Here at Clique, our motto “Build Something” is the lifeblood of everything we do. In order to keep building a lot of somethings in collaboration with our clients, we’re constantly bridging the gap between our web design expertise and their business objectives.
One tool we have used in the past to do that is InVision – a platform that allows us to deliver design mockups in an easily digestible format. InVision is most popular for their Sketch and Adobe Photoshop plugins, as well as being many designers’ go-to design tool for creating interactive prototypes.
While we currently utilize Figma, we’ve found that InVision can be a powerful tool. Clients can use InVision to deliver feedback in exactly the places they want to, even without knowing the design lingo. Sometimes there really is no substitute for pointing at the screen and saying, “I want this to go there,” and InVision can get you pretty close to that experience.
By teaching our clients how to get the most out of InVision, we’re developing a common language to empower a truly collaborative experience and deliver the best outcomes.
What InVision IS:
- A wireframing and prototyping tool that can be used to share design mockups as created by a design team
- Each page mockup has a link to a rendering that gives the closest representation of what the design might look like as a web page.
- InVision allows clients and partners to communicate with one another by leaving comments and feedback directly on the mockup.
You do not need a subscription or to sign-up/login to access the links shared on InVision.
What InVision ISN’T:
- Although close to what a webpage might look like, InVision does not function as webpage. It’s more like a sophisticated pdf in functionality – we can leave comments and demonstrate a few of our more simple ideas for elements like hover effects, but anything like animations, or dynamic scrolling features (the things that can really bring a website to life) will be implemented in the Development Phase.
- InVision is not responsive. To view desktop designs, please use a desktop for the closest representation, and make sure your display settings are the standard default.
InVision supplies users with about 75% of the content experience, and that users’ collective imagination fills in the other 25% until a project moves into Development!
How to use InVision in a Design Process:
- View wireframes, design mockups and prototypes
- Leave comments, questions, or other feedback directly on the mockups.
Wireframes: You will see a grayscale mockup similar to the sample link and screenshots below, squarely focused on navigation and page layout.
Design Prototyping: Color, branding, fonts, and other design elements will be applied.
To view a mockup:
With each Design deliverable, you’ll receive the links to the page mockups in InVision.
You can experiment with this sample of a General Wireframe and link:
*Heads up: this is a shared link, so others will see if you leave a comment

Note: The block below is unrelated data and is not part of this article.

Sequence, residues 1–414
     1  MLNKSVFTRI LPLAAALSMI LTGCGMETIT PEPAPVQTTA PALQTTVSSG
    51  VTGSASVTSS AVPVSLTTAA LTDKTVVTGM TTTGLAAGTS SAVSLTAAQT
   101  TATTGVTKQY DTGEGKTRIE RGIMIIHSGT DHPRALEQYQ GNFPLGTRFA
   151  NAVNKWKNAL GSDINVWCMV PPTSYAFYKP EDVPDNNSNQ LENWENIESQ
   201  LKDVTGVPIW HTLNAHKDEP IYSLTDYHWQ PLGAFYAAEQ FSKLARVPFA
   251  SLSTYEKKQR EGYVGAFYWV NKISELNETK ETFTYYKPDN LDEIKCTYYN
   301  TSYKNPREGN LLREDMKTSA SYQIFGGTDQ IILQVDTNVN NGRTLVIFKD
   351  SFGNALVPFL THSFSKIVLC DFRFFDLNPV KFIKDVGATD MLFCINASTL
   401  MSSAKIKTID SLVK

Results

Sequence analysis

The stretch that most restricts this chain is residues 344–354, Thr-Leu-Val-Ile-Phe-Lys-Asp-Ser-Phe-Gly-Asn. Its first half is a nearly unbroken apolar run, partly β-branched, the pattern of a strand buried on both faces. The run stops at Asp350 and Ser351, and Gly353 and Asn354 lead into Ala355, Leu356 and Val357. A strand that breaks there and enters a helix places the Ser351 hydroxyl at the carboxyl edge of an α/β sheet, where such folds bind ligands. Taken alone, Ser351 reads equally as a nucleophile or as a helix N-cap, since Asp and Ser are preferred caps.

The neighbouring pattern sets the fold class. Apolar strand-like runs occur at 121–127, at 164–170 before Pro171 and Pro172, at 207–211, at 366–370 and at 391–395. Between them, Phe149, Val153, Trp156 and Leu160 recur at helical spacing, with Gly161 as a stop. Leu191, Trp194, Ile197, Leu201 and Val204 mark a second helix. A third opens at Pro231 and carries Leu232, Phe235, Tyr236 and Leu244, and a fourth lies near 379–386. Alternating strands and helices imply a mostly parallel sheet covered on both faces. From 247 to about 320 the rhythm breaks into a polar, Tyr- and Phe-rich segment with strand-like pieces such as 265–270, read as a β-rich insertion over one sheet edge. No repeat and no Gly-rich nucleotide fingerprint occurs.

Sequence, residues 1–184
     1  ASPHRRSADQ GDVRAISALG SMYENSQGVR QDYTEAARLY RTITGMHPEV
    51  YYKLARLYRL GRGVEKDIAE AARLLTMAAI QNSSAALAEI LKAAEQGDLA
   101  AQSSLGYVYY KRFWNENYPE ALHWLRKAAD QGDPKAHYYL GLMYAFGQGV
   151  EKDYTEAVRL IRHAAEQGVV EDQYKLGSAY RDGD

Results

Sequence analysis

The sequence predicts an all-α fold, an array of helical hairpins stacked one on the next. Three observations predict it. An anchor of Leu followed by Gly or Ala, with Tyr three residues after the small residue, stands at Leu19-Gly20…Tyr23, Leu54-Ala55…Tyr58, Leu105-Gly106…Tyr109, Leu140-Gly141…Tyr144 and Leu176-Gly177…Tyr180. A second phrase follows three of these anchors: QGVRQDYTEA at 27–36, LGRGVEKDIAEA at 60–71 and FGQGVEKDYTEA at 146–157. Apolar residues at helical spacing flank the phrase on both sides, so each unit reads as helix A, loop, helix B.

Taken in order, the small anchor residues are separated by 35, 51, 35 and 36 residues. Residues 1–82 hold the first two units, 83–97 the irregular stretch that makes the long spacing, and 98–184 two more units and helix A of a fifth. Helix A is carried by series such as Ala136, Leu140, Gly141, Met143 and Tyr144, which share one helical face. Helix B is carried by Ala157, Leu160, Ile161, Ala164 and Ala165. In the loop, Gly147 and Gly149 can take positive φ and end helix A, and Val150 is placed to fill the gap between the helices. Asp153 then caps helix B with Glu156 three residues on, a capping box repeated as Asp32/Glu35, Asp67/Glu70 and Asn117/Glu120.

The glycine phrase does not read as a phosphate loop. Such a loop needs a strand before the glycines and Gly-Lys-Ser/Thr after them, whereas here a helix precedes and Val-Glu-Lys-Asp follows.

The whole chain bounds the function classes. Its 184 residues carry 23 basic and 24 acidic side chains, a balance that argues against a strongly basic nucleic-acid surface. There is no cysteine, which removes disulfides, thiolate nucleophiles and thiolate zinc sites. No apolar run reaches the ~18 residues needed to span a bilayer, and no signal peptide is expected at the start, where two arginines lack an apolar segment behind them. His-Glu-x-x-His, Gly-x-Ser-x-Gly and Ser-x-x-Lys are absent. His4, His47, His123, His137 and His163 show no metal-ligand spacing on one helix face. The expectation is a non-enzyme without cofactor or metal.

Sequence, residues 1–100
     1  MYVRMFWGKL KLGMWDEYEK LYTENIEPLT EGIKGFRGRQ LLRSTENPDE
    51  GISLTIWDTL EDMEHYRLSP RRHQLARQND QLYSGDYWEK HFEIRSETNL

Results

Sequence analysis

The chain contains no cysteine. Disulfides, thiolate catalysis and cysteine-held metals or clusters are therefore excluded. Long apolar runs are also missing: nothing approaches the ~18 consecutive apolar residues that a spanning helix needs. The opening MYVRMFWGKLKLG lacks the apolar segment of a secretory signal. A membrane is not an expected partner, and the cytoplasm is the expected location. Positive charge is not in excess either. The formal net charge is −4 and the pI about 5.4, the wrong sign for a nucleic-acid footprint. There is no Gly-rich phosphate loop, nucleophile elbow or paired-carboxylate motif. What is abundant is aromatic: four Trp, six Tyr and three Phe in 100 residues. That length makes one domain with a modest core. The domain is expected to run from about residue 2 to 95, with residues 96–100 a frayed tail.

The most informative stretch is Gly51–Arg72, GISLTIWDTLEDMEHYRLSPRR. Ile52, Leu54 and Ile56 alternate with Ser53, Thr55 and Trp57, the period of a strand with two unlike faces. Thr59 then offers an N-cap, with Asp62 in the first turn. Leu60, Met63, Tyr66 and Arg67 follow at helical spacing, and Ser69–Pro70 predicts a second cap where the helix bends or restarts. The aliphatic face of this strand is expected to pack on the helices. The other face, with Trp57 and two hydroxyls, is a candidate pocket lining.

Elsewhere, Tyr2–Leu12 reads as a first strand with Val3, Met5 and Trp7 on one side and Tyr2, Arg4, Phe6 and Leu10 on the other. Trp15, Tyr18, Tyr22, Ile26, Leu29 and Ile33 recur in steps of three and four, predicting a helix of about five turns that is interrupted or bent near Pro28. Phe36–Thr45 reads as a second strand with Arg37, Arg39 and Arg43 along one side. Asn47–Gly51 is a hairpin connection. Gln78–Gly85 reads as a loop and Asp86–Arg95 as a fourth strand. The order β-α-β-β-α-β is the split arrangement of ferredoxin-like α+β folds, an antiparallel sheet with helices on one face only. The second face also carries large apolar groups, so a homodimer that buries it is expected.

All sections and elements of the sample wireframe are labeled as we commonly refer to them to help develop a common language.
Here are a few examples:
Call to Action button
Opens a popup window
Commonly used icons:
Placeholder for an image
Placeholder for a video
Some elements, like an example hover state or popup window, can be mocked up in in a clickable prototype with InVision. To see which elements are active, click anywhere on the page, and anything that lights up in blue is clickable:
Popup and CTA buttons
Open popup view
There are three ways to navigate from page to page:
- Use the page link
- Once on a page, use the < > arrow buttons on your keyboard to go to next/previous pages
- Click the grid icon in the lower right of the screen to view all pages
To open Comment Mode:
To leave a comment directly on the mockup, turn on Comment Mode using the toggle in the lower right of the screen. When the page has a pink frame, you’ll know you’re in Comment Mode.
Open Comment Mode:
To see & post a comment:
To see a comment: Comments that are entered will show up as a pink numbered dot. Click the dot to see the comment
To post a comment: click anywhere on the page (near the element you’re making the comment about is helpful) to open a new comment window. Click Post!
Feel free to experiment with the sample wireframe – just make sure to mark your test comments as “resolved” since this is a universal link.
To resolve a comment:
If the comment has been addressed, we can mark the comment as “Resolved” to remove the numbered pink dot. This keeps us up-to-date, displaying only the unaddressed comments.
All comments that were marked as “Resolved” are still accessible. To view, click the checkbox in the upper right of the screen. This means whoever uses this link will be able to see a record of every comment that has ever been left.
To view resolved comments:
One of our three values here is “Be a Student and a Teacher,” so in an effort to constantly share what we know, we figured this might be useful to share beyond just our clients. Hopefully, you found it helpful, and please share it with anyone else who might have use for it!